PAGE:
Restaurants in the time of corona

Photo by Tim Gouw on Unsplash
Photo by Tim Gouw on Unsplash

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Everything you need to know before restaurants reopen their doors June 1st

In a recent press conference, Prime Minister Mark Rutte laid out some of the new rules and restrictions for the gradual reopening of gastronomical establishments in the Netherlands. 

At noon on Monday, June 1st, restaurants will be reopening and operating with new measures all around the country. However, it still remains unclear what exactly this new age will look like.

Here, we’ll explain some of the restrictions in place and how it will all pan out.

Reservation Only

Until further notice, a restaurant experience will require reservation. Some businesses have added available methods for booking, and most list on their website how one can reserve a table.

It may also be possible to reserve in person, meaning that you can walk in and reserve a table on the spot (if space allows).

Upon entry, customers will have to pass a sort of entry test, confirming that they aren’t experiencing any symptoms associated with coronavirus. 

Restaurants are starting to publish their specific rules, like Jozef Eten & Drinken. Their children’s area is closed for the time being and they are open to customers with certain time frames, not unlike the many other restaurants who are creating specific time frames to make it easier to manage the amount of people in the building.

Keeping Distance

The requirement of 1,5 meter distancing will stand. This restriction will not apply to individuals of the same household. If there are two parties from different households, they will have to have a 1,5 meter distance between them at the table. At a table with three individuals (for example, two from one household and one from another) there may be checks from local security to examine the situation.

Restaurant operators will also have to respect another rule laid out by the government- that one establishment will only be allowed to hold 30 individuals (not including staff). For some small businesses, this means they may not be able to open their doors at all.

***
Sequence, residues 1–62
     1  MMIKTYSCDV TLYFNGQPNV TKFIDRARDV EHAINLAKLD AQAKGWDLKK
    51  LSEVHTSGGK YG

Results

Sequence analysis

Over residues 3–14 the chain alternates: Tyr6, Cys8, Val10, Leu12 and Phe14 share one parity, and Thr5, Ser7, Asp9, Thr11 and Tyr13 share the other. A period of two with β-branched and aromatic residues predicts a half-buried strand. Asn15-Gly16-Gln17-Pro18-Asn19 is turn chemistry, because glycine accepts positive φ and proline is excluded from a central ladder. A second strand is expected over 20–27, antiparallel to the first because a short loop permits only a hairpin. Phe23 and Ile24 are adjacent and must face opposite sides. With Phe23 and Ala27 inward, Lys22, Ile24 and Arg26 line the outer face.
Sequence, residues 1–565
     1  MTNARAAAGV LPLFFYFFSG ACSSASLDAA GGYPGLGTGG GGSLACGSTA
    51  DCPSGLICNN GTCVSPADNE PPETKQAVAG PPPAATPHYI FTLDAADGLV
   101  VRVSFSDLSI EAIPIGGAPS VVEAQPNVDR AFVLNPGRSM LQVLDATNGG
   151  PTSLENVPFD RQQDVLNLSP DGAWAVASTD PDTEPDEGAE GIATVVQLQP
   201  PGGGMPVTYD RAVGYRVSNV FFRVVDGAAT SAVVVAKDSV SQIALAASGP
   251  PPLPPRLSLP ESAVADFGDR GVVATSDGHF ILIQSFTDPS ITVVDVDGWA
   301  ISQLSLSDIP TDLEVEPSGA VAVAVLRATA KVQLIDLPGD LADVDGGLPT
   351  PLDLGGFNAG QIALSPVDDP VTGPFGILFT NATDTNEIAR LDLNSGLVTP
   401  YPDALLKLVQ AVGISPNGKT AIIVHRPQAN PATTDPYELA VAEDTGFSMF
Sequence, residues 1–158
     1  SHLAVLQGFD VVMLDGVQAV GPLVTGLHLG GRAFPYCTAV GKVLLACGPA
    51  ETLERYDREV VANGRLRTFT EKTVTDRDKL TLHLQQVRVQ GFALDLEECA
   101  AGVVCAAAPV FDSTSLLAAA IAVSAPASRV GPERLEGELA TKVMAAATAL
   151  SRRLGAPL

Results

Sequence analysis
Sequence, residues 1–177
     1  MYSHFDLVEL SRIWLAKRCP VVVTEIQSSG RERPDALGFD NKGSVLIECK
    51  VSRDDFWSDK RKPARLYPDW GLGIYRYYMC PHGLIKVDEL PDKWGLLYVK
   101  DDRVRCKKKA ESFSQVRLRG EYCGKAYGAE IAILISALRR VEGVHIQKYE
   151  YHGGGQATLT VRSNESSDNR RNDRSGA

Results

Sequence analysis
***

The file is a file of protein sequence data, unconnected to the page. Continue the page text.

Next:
How will businesses stay afloat?

The new rules and capacity restrictions will be a handicap for some businesses. With only 30 guests allowed in one location, most restaurants will lay on either side of two extremes: either being too small to open under such restrictions, or being so large that operating at such low capacity will involve too high of costs.

Robèr Willemsen, the chairman of Koniklijke Horeca Nederland (the nation’s leading horeca association), has been busy in negotiations with national leaders about an urgently needed support package for gastronomical businesses. 

In order for this slow reopening to roll out smoothly, KHN has laid out plans for employee compensation and rent subsidies that will be necessary for many establishments to stay afloat. 

Whatever the status is on these financial packages, it looks like the slow-open will be going ahead on June 1st. Only then will we see if this new “normal” is really sustainable.

Sources:

RIVM

KHN

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Flora Lehmann

Flora Lehmann

Flora Lehmann is a German-American student. She has been living in the Netherlands for the last four years and recently moved to Utrecht to study Literature. She aspires to consult and report about relevant news and ideas in media. Flora has a background in economics and enjoys discussing business and growth methods. She has a keen literary mind and writes in her spare time.

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